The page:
In our opinion, the sample research work order described above appears entire in nature, Upon execution of the research work order, the university cooperator is committed to the completion of the stated research project, The study is to culminate in a publishable report which the research work order refers to as a "final product." The cooperator agrees to perform all work set forth in the research work order during the specified period of performance, the objectives of which are described with specificity, and the total cost estimated with reasonable accuracy. The work product envisioned in the research work order is the completed study, nothing less. Since it represents a single bona fide need, the sample research work order is entire, and, consequently, the appropriation current at the time the research work order was executed should have been charged rather than funds current at the time services are rendered. See 65 Comp, Gen, 741 (1986), Thus, the Service should have obligated the full estimated cost of the sample research work order at the time it was issued.
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Thanks, Don. I read both the decisions you cited. However, I do not find that either addressed he specific issue I posed. While the GAO used broad statements in the decisions, they appear to be appropriate for the circumstances presented. In both cases, the agency used different appropriations to fund nonseverable services. In each case, some of the funds used were not available for obligation when the contract was awarded. Reading the decisions as a whole, I do not think that they would prohibit the incremental funding of a nonseverable services contract so long as all the funds used were available for obligation at the time the contract was awarded.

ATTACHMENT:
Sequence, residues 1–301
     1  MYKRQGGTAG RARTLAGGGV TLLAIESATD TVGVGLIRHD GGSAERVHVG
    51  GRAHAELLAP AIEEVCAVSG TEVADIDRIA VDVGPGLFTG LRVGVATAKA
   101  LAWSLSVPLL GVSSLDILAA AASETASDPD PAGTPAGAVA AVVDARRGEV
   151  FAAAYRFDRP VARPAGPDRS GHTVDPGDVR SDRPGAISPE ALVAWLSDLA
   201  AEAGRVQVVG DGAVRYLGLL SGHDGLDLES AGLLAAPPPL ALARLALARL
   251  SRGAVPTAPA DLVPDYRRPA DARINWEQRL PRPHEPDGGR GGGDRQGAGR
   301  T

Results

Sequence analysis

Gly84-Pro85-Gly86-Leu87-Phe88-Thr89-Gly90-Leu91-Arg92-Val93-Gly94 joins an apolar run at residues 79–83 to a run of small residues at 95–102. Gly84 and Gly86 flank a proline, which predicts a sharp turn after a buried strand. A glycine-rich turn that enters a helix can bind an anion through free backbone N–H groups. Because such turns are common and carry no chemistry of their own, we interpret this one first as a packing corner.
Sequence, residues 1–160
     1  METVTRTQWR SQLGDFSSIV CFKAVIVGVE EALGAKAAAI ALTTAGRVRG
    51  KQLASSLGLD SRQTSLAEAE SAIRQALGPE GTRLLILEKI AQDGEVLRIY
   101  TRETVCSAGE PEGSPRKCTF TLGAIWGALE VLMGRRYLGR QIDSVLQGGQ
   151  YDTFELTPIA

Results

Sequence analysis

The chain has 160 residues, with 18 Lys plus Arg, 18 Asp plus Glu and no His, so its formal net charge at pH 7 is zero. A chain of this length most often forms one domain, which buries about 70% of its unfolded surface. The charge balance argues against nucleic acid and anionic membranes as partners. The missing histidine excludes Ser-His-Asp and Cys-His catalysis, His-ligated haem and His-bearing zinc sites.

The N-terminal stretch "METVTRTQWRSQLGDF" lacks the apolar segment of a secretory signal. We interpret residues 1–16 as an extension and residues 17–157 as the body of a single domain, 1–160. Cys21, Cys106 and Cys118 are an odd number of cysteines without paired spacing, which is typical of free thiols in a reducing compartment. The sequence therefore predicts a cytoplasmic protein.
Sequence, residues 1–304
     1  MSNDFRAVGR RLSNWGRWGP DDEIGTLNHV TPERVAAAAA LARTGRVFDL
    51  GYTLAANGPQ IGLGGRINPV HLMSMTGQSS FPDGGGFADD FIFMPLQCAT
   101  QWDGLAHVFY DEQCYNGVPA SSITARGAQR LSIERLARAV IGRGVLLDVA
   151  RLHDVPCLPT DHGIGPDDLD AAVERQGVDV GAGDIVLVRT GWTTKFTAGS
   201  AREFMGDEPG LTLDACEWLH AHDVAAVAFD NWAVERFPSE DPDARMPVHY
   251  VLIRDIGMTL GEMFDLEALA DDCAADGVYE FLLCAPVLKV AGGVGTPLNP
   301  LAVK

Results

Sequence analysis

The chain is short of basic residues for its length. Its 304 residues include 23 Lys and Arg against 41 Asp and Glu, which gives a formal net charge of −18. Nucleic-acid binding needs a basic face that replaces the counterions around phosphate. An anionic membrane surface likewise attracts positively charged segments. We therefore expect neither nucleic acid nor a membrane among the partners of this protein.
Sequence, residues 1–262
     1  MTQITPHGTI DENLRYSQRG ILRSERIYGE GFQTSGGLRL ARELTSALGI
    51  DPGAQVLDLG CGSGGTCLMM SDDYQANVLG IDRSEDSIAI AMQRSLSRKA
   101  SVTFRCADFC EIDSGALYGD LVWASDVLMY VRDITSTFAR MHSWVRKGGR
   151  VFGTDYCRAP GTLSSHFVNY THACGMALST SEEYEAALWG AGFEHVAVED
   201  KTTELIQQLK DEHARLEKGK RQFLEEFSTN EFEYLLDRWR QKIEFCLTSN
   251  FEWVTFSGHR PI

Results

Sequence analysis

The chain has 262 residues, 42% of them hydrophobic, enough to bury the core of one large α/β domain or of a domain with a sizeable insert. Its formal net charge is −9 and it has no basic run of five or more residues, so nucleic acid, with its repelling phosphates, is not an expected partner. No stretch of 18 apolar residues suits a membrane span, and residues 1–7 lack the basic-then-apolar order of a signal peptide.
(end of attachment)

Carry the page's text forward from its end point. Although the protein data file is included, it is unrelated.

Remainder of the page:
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I am going from memory here, without access to research materials, so you may want to check some of this.

The FMR and the DFARS have different definitions of incremental funding. The FMR definition refers to funding from different fiscal years, not fully obligating (funding) the contract value at the time of award. Under this definition, it is not incremental funding to award a $100M contract in Nov 2013 (FY 14) and fund $50M at time of award (from a continuing resolution), $50M in Feb 2014 after an appropriations act is finalized. The DFARS definition (232.001) defines incremental funding as the partial funding of a contract at time of award with additional funding to be provided later. Incremental funding for fixed-price contracts is prohibited by the DFARS except for limited circumstances involving severable services or research and development.

Could the different definitions affect how you are interpreting what is permitted?